"That's an awful lot of individuals," said Jean Setzfand, senior vice president of programs at AARP. "We've really sunk our teeth into this whole notion of technology-enabled transportation. We're trying to help our constituents understand its value and purpose and use it to expand their independence."
While promising, there's an uphill challenge. Two-thirds of motorists 50 and older told the organization in a recent survey that they're "not very" or "not at all" willing to ride in an automated vehicle.
While companies such as Voyage, a startup that operates robotaxis in a retirement community in Florida, have the opportunity to directly alter those perceptions, Setzfand envisions a more gradual overall acceptance of automated vehicles keyed by ongoing experiences with both ride-hailing services and driver-assist features in personally owned vehicles.
"A way we've been thinking about this is to draw more of a glide path to get consumers acclimated, both with the bells and whistles in their own vehicles and their comfort with ride-share," she said. "Then we think the glide path into AVs will be easier."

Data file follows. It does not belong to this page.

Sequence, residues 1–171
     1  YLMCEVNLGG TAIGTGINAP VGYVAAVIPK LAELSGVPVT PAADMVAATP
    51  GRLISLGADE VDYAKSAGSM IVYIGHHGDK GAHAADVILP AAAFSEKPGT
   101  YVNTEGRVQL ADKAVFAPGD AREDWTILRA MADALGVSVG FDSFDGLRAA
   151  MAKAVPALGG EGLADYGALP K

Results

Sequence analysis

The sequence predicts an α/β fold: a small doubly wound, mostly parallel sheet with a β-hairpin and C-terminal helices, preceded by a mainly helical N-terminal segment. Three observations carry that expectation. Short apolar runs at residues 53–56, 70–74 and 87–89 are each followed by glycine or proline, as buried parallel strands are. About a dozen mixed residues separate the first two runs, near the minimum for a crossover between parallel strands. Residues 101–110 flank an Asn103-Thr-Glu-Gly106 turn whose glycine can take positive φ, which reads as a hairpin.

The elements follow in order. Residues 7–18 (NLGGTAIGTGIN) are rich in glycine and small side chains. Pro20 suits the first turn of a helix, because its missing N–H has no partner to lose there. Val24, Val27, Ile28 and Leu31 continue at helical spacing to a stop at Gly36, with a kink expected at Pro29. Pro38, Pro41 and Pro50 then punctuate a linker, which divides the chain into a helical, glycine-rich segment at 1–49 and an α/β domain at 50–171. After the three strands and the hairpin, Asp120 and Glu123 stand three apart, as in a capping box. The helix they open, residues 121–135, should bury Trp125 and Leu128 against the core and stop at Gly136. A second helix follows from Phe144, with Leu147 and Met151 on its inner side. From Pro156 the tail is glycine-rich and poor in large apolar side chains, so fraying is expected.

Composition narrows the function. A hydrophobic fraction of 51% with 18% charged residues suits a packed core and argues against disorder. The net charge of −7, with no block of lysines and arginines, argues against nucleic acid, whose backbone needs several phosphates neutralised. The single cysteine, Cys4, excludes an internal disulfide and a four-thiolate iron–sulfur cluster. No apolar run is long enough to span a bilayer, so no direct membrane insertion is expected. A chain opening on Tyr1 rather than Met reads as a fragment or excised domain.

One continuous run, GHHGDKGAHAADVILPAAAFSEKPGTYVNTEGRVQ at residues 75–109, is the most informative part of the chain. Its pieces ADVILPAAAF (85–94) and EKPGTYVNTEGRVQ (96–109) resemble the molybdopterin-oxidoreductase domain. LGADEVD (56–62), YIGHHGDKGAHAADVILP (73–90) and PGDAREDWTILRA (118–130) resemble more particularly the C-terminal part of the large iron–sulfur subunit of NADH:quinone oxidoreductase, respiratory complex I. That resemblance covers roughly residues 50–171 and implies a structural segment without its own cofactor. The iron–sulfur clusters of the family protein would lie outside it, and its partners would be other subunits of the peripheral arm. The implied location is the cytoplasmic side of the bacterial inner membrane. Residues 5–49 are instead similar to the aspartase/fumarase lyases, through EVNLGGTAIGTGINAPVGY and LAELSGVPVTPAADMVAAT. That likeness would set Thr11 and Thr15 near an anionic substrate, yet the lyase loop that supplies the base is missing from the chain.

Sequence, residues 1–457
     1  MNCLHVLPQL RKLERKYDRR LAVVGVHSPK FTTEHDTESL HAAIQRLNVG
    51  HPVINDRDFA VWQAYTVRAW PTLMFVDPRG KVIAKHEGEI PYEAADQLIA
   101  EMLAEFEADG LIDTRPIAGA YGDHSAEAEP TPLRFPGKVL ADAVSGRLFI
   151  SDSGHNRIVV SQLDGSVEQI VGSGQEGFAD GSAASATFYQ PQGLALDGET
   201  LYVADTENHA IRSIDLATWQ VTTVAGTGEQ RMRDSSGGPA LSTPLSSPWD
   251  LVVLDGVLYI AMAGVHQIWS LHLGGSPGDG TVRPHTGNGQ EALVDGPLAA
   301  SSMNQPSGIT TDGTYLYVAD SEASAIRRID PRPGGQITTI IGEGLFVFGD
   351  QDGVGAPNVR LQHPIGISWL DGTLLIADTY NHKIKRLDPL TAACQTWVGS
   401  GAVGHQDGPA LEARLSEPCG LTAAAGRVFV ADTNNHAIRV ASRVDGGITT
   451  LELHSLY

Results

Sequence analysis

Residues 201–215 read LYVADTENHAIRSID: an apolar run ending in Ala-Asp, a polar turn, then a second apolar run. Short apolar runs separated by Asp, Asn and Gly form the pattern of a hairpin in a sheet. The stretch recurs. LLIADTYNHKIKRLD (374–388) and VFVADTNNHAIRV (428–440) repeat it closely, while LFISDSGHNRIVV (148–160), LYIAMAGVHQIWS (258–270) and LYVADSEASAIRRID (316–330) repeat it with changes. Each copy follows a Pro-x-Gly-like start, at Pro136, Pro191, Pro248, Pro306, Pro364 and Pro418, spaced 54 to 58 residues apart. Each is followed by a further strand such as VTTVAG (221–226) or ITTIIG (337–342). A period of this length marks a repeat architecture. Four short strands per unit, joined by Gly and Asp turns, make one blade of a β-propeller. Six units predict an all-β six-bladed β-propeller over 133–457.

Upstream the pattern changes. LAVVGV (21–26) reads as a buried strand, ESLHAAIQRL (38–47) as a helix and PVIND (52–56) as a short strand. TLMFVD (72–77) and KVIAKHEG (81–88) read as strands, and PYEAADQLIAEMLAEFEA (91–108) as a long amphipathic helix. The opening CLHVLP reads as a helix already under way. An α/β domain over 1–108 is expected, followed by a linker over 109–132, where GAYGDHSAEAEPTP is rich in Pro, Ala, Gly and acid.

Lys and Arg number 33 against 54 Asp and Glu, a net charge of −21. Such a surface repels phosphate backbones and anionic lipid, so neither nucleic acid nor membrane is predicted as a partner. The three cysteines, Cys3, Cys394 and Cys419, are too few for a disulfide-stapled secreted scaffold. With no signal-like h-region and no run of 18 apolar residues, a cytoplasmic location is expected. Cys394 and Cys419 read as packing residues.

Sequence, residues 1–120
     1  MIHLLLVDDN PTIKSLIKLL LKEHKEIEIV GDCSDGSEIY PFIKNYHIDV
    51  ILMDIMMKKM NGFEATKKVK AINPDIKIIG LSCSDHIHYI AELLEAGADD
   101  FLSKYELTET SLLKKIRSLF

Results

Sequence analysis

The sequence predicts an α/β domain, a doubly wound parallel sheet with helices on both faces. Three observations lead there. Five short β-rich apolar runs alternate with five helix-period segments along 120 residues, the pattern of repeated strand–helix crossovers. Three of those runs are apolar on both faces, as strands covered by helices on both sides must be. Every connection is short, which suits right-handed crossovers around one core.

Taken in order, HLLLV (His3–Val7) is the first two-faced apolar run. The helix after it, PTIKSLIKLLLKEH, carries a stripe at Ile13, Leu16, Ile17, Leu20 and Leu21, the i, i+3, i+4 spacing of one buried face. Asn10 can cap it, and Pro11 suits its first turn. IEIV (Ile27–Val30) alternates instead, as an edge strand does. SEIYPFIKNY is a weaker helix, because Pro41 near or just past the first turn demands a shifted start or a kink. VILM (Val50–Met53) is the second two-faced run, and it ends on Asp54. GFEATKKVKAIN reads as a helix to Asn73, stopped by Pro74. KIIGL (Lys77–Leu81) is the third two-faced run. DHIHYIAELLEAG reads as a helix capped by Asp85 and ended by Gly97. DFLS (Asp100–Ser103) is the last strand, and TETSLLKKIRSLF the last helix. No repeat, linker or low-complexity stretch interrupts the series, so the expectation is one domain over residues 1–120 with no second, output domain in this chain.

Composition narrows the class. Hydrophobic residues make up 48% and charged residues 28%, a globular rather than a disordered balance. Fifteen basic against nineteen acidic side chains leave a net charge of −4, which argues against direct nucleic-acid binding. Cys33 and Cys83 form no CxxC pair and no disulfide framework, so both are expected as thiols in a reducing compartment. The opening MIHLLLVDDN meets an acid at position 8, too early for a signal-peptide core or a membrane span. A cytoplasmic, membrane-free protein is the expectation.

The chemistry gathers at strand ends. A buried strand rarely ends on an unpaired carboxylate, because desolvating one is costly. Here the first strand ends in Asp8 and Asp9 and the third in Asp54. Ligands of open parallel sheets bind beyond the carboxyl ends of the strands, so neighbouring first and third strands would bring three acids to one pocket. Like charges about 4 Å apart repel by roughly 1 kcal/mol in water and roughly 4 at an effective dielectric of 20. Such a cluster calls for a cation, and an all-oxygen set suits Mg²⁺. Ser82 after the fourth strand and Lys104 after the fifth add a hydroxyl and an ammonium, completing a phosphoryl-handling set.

In 2019, AARP started a pilot project in Columbia, S.C., in which older residents could test a mobility-as-a-service platform that allowed them to find, book and pay for rides in a single place. This didn't just happen on an app; Setzfand noted many users preferred calling and speaking to an actual person.
Beyond providing mobility, part of self-driving's potential for older adults is it might lessen the need for travel. Delivery services that rely on self-driving systems are in their infancy, but they hold promise in bringing both groceries and prescriptions to the doorstep. Setzfand says AARP has recently started analyzing the promise and potential roadblocks of automated delivery.
"If you are someone who is already homebound in an apartment, if you can't run downstairs to pick up your pizza, you are stuck," she said. "But I can tell you, getting goods and services delivered is of interest. It's an opportunity."